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Review: Sweet 'Sassy Pants' has some design flaws

This coming-of-age tale could use more depth and fewer odd-ball characters.

October 18, 2012|By Gary Goldstein
  • A scene from "Sassy Pants."
A scene from "Sassy Pants." (Handout )

Writer-director Coley Sohn's "Sassy Pants" is a watchable but tonally uneven semi-satire of low-rent suburbia, mall culture and the road less traveled. Although it attempts a kind of outré pose, the film ultimately proves a too-gentle juggling act that never quite soars.

As Bethany, a home-schooled high school graduate — and one student-class valedictorian! — taking baby steps into the real world, Ashley Rickards (sensational last year as an autistic teen in the underseen indie "Fly Away") paints a sympathetic portrait of the sane, suppressed kid surrounded by a sea of eccentrics.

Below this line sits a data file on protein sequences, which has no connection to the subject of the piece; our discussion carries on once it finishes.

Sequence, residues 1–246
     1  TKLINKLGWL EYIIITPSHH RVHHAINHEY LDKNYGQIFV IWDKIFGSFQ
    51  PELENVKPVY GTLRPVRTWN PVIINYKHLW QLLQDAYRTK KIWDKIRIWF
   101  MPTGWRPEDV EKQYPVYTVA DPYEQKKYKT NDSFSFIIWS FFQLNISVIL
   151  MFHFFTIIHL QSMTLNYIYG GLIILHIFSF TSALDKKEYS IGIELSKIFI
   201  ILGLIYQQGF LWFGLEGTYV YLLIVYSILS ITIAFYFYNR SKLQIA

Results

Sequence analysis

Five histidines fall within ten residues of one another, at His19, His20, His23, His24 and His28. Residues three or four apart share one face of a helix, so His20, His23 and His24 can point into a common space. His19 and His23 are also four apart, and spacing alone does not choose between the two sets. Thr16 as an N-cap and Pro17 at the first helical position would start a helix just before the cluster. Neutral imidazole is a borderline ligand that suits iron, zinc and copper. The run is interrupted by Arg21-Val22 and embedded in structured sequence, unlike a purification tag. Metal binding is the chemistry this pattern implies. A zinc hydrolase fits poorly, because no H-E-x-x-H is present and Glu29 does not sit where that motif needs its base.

Whether it's her divorced, control freak mother ("Breaking Bad's" Anna Gunn), flinty grandma (Jenny O'Hara), gay-alcoholic-car salesman father (Diedrich Bader), dad's flamboyant boy-toy (Haley Joel Osment, going for it), her alarmingly self-absorbed new boss (Shanna Collins) or a closeted dress store manager (Drew Droege), the quietly determined Bethany ends up the adult in the room, pretty much by default.

Unfortunately, that also causes budding fashion designer Bethany — and thereby Rickards — to get a bit upstaged by these higher-key characters, even as they often tilt toward caricature. Still, only Bethany, her broody younger brother, Shayne (Martin Spanjers), and earnest, Marines-bound neighbor and love interest, Hector (Rene Rosado), feel truly real.

Well-meaning and, in the end, sweetly redemptive, "Sassy Pants" would have worn better with more depth, energy and, yes, sass.


"Sassy Pants." No MPAA rating. Running time: 1 hour, 27 minutes. At Laemmle's Music Hall, Beverly Hills.

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